LiveGreen: Waste audit results

by Melanie Stewart, LiveGreen | February 04, 2020

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Operating a major medical center requires lots of materials, many of which end up in the landfill. As the med center works to achieve the Net Zero Waste goal (minimum 90% of all non-regulated waste diverted from landfill/incineration), it's important to know what specific items are going to the landfill. The med center then can use this information to strategically guide sustainabiliy efforts.

Last year, we conducted a waste audit of seven campus locations that capture 80% of the material sent to the landfill. Over the course of two months, over 3,000 pounds of trash were collected, sorted and measured. Major findings include the following:

  • 36% of landfill waste is compostable.
    • The largest portion of the compostable materials is paper towels.
  • 21% of our landfill waste is recyclable using current programs (including cardboard, metal, paper and hard plastic).
  • If all compostable and recyclable material were successfully diverted, the med center would have a 68% diversion rate.
    • This would be the highest diversion rate of any medical center in the country.

We need your help to improve and stop recyclables from going to the landfill. The single most effective thing we can do today is to recycle materials, like pop cans or cardboard, that we can and should be recycling already. Wondering what materials can be recycled at the med center? Check out the LiveGreen Recycling page for details. You may have heard stories about cities struggling to find markets for recyclable materials, in part due to changes China has made. While that is true, Omaha is still recycling. In order to ensure our items are recycled, we need to do two things:

  • Put the item in the correct bin. This means no trash in the recycling bin as well as no cardboard in the paper bin, etc.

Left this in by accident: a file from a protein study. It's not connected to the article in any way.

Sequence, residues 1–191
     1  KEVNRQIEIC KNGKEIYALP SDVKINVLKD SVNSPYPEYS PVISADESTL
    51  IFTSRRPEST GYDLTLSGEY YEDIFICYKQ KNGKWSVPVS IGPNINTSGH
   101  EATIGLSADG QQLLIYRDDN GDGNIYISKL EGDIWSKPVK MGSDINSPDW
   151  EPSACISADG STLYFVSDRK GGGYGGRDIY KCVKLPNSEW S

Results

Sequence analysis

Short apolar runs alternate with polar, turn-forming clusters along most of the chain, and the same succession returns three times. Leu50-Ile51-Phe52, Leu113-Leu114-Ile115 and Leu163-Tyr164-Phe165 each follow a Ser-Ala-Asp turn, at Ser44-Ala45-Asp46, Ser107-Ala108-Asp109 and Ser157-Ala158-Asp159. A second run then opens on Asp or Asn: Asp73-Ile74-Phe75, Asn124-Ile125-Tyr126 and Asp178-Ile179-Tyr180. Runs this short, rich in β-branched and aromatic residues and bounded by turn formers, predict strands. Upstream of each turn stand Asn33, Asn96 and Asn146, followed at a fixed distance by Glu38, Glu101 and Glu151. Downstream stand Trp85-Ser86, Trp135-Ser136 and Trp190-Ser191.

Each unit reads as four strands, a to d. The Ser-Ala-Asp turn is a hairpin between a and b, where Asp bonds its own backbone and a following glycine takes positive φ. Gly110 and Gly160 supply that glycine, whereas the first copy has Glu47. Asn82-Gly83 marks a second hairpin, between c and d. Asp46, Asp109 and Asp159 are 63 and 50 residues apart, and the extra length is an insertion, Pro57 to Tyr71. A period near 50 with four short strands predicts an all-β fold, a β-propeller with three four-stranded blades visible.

• Remove food/liquid prior to recycling. Items don't need to be super clean, but remember: This process isn't completely automated. People are involved. If too many items are too gross to process or put people at risk, the entire load is sent to the landfill.

    What else can you do? Whenever possible, reduce. Using less is always the best first choice, and that counts towards our goal too. You can bring your own silverware rather than using single-use plasticware, use electronic versions rather than printing and so on.

Your actions matter. Even a seemingly small change can help improve health -- our mission!

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Melanie Stewart
February 05, 2020 at 1:57 PM

Bethany, We currently do not participate in that program. It's something we are looking into, but the logistics of collecting it would be challenging right now. More importantly, because the orange bag contents are incinerated for energy (either in a factory or as diesel) they do not apply for our Zero Waste goal which requires diverting away from the landfill or incineration. I agree that soft plastics need to be addressed, but putting those chemicals up into the atmosphere does not align with our health-centered mission. That said, we are hopeful this process will result in a recycling facility being built nearby and are still looking at ways we can recycle it. In the meantime, we need to find ways to reduce it. I know it's not possible to eliminate it, as plastic is an important component in sterility of supplies, but there are things we can do to reduce its use. If you have ideas on how we can do this, we'd love to hear them! Thank you, Melanie

Bethany Lowndes
February 05, 2020 at 1:18 PM

Does the campus participate in the Hefty Orange Bag Program? If so, where can we find those receptacles?

Jerrie Dayton
February 04, 2020 at 9:40 AM

I urge everyone to think about what they put in the trash. Can it be recycled? I see a lot of plastic bottles in the waste cans.